Advisors were creating more financial plans heading into 2020. But the Covid-19 pandemic slowed that activity in the first half of this year, according to a new report, which also predicted a turnaround.
Over the past 12 months, more than 75% of advisors increased the number of financial plans they provided to clients. Some substantially boosted their output; 11% increased the number of plans by 10% or more, and more than a third improved their output between 5% and 10%, according to a new report by Aite Group, a research and advisory firm focused on financial services.
For decades, financial advisors have been slowly moving away from serving almost exclusively as investment managers and toward becoming more holistic service providers. But there is a lot of room for financial planning to expand further, as advisors become more efficient by leveraging technology and outsourcing other tasks, such as investment management (which most are ill-equipped to do).
Today, many advisors do some form of planning for at least part of their clientele. However, only 18% of advisors surveyed provide formal and written plans for all or most of their clients, and 34% of the group provide formal plans to less than one-quarter of clients.
“There are numerous reasons for low adoption of financial planning by financial advisors. They often claim that financial planning is time-consuming and difficult to scale, and that planning tools can be difficult to use and are not well-integrated into their workflow,” according to the report.
The report also points out: “Advisors often cite that planning tools are too sophisticated and complex for use with their average client, and clients are not asking for planning or they only need limited planning for a couple of key areas such as retirement planning.”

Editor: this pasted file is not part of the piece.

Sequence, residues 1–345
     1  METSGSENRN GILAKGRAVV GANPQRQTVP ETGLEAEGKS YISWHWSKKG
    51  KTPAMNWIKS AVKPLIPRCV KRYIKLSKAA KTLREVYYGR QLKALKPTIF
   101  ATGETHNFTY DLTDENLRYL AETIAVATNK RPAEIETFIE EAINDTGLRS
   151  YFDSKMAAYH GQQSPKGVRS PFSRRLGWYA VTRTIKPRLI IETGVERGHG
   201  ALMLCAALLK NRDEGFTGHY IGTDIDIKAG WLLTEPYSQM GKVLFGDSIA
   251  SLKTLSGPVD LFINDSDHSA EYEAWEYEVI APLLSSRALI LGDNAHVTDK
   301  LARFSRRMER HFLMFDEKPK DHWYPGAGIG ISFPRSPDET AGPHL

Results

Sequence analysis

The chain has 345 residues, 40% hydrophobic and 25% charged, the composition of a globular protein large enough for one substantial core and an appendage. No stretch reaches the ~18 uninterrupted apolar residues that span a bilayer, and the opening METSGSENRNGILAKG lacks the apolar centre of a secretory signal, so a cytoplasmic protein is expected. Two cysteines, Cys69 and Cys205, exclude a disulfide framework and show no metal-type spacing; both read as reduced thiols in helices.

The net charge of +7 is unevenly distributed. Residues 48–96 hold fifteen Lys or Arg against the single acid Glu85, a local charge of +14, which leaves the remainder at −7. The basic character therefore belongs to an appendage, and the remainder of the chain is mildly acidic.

Covid-19 exacerbated the challenges advisors face in creating financial plans. The pandemic resulted in the fastest-ever bear market, millions were left jobless, and global economic turmoil ensued. Advisors were not only tending to nervous clients but their own businesses might have been strained.
As a result, the number of financial plans “is likely to be flat or decrease during the initial and peak periods of the COVID-19 crisis,” Aite’s report said, which was based in part on a survey on 400 advisors across wirehouses, independent broker-dealers, banks, insurance broker-dealers, and RIAs.
But the lull won’t likely last. Aite expects financial planning will increase as advisors begin reengaging clients in the latter half of 2020.
“The COVID-19 pandemic will accelerate the need for financial planning as current and prospective clients seek advice and advisors to assist in getting their financial household in order and their financial goals back on track,” the report said.
Many wealth managers — especially RIAs — now often lead with their financial planning expertise. The Aite report shows how far they still have to go.
Advisors don’t love financial planning software. While 51% of advisors surveyed said they were satisfied with theirs, only 9% were very satisfied, and 29% were neither satisfied nor dissatisfied. Before the pandemic, over half of advisors said financial planning technology met their needs but just 12% said it exceeded them. “Exceeding needs could signify that the advisors’ financial planning tool may be too sophisticated to use for their general client base,” Aite said.
Financial planning fees, hourly fees, or a subscription fee, were only used by 6% of advisors surveyed by Aite.
“The pandemic and associated financial crisis are having a dramatic impact on investors and advisors. Investors are grappling with disruptive investment portfolios and plans, and will be likely seeking more support and advice in the future as a result. In addition, advisors will need to change their practice to demonstrate value in order to retain current clients and attract new ones,” according to Aite.